- Review Price: £729.00
Sitting just one step below the company’s ultimate Studio XPS line, the ‘vanilla’ XPS is nevertheless a pretty powerful beast. You can get up to Intel Core i7 quad core processors; dedicated, optimus-enabled graphics with up to 1.5GB of video memory and the ability to output to a 3D display; a whopping 16GB of system memory; up to 1.5TB of hard drive space (or 256GB of solid state storage) and JBL 2.1 audio.
They’re also the world’s first Skype-certified laptops with HD webcams, so those addicted to 720p video chat should feel right at home. USB 3.0 and DisplayPort are also on board, making for an impressive line-up.
Of course, our review sample (L701X) is specified a little more modestly. Processing duties are handled by a dual core Core i5 460M running at 2.53GHz (up to 2.8GHz turbo-clocked), backed up by 4GB of DDR3 RAM. It’s also plenty powerful on the graphics front, supplementing Intel’s integrated graphics (which are ideal for conserving battery life) with an Nvidia GeForce 435M with 1GB of RAM for graphics acceleration and light gaming when plugged in. Dell supplies speedy 7,200rpm hard drives across its XPS 17 range, and with this model you get a generous 500GB capacity. This all ensures the surprisingly clean install of Windows 7 Home Premium 64-bit runs beautifully.
However, what immediately catches the eye about the 17.3in XPS is its unapologetic bulk. With a starting weight of over 3.4kg and dimensions of 415 x 287.3 x 32.8-38.5mm, this laptop takes its role as a desktop replacement seriously.
Despite this, it’s still an attractive machine. The majority of its lid consists of a single sheet of anodized aluminium, which looks and feels great, and doesn’t show up fingerprints or grease marks like the glossy finishes found on the lids of most laptops. Like the Asus G73Jh, the lower half protrudes slightly at the back, showing off a white-backlit XPS logo.
Opening the XPS 17 up reveals a matt black screen bezel, which should make quite a few people happy. While the keyboard surround and palm-rest area are constructed from another single sheet of aluminium, this time it’s in a brushed black finish matching the rest of the interior. Though fingerprints will be visible here, it’s nowhere near as bad as something like Toshiba’s Satellite L650, and is a small price to pay for the quality feel and solidity when resting your hands on it.
The laptop’s base is plastic, coloured silver to match the lid. The power button, status indicators and touch-sensitive controls – all found in a piano-black strip above the keyboard – are nicely backlit in white. Overall, Dell has done a great job with this simple yet visually engaging look.
Build quality is more of a mixed bag, for though it’s mostly superb, there are a few spots along the base where there’s more ‘give’ than we like to see, and one area of the palm-rest where pressing down results in an audible click. Still, these are minor issues in what is, overall, a very well-built machine.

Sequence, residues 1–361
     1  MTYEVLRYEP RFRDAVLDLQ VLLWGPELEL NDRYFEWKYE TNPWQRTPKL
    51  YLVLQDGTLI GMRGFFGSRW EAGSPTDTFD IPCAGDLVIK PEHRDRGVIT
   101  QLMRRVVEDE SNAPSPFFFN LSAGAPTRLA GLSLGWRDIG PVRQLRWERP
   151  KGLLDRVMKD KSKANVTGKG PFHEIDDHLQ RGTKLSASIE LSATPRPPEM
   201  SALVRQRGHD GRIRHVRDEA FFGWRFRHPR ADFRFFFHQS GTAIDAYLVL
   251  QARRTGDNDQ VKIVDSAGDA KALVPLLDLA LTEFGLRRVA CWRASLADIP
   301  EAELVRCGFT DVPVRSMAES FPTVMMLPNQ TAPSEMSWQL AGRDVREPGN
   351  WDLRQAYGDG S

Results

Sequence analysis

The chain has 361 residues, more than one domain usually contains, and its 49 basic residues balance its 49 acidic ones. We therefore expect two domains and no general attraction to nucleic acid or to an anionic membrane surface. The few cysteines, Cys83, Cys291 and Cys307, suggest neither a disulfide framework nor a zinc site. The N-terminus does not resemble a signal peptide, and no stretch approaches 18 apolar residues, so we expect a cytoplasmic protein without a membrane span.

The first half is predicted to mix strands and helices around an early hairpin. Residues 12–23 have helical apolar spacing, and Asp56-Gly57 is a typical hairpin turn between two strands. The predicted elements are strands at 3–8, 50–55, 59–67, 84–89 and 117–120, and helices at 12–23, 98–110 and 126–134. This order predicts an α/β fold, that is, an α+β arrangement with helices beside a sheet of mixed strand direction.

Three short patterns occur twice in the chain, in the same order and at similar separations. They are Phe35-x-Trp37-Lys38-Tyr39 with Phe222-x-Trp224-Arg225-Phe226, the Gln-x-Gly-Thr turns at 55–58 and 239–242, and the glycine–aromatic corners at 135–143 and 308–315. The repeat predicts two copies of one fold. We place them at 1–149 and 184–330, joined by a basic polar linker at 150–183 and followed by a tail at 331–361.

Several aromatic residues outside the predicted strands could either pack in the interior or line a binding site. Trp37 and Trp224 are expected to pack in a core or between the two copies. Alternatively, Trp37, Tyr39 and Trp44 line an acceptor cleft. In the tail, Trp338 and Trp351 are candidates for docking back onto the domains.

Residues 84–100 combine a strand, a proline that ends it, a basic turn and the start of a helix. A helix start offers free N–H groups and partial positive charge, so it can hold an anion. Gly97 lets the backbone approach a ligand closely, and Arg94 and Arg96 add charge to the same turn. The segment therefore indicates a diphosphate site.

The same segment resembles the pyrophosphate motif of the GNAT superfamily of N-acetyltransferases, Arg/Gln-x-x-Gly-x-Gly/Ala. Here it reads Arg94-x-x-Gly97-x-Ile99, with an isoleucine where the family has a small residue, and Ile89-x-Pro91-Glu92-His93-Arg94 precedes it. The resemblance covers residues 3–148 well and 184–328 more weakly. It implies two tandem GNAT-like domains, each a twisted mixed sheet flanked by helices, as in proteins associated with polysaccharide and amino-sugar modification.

In use the XPS 17 generally stays whisper-quiet, though under load (especially with its dedicated GPU in action) its fans do tend to rev up and it becomes quite audible. We also found the left palm-rest gets very warm to the touch after the laptop has been running at full load for a while.
Connectivity on Dell’s XPS 17 L701X is truly class-leading, and not just because it includes USB 3.0. The only thing that’s missing is an ExpressCard slot, and we honestly can’t think of many reasons you would need one here. Along the left there’s a memory card reader which not only takes the usual complement of SD/HC, MS Pro/Duo and MMC, but also the new SDXC standard. On the right you’ll find a tray-loading DVD-rewriter, twin headphone jacks (one of which doubles as a digital audio output), a microphone jack, and a combined USB 2.0/eSATA port.
Most of the connections reside along the back, which is not necessarily the most convenient location. Here you’ll find two USB 3.0 ports in their signature blue livery, Gigabit Ethernet, and a comprehensive digital video output selection of HDMI 1.4 and mini-DisplayPort. Either one will let you hook up high-resolution monitors like the NEC MultiSync LCD3090WQXi, something that many older laptops don’t support.
We have equally little complaint regarding this laptop’s usability. All the keyboard’s keys (with the exception of the cursor keys) are full-size, and a number pad is included together with the usual shortcuts. Among these is a dedicated button for deactivating the touchpad, though you shouldn’t need this as we found the pad almost never interfered with typing.
Layout is excellent, though it doesn’t match the intelligent shortcut placement and second function key found on the likes of Samsung’s R780. The only frustration for power users is that the F-series keys are relegated to secondary functions by default, but this can be altered in the BIOS. The keys also offer a good amount of travel, and though the action on a few (the space bar in particular) feels a tad cheap, typing is still a very pleasant experience overall.
Likewise, the touchpad is pretty neat. It’s huge and very responsive, with the same matt, smooth finish as the keyboard’s keys. These factors combine to make multi-touch gestures easy to pull off. The pad’s buttons are also large and offer very positive action, making this one of the better ‘mouse equivalents’ we’ve used on a laptop.
So far then, we’re very impressed with Dell’s new range. Unfortunately, the L701X’s 17.3in screen is where we come across our first real disappointment. Dell still needs to differentiate its highest-end XPS Studio line, and one of the ways it has done this is by limiting the ‘vanilla’ XPS 17 to a maximum display resolution of 1,600 x 900. While this will be plenty for the vast majority of users, it can be a major caveat for those hungry for more desktop real estate. Because of this, sharpness isn’t quite as good as on Full HD screens either, though it’s certainly adequate for most and the lower resolution does make viewing small icons and text easier.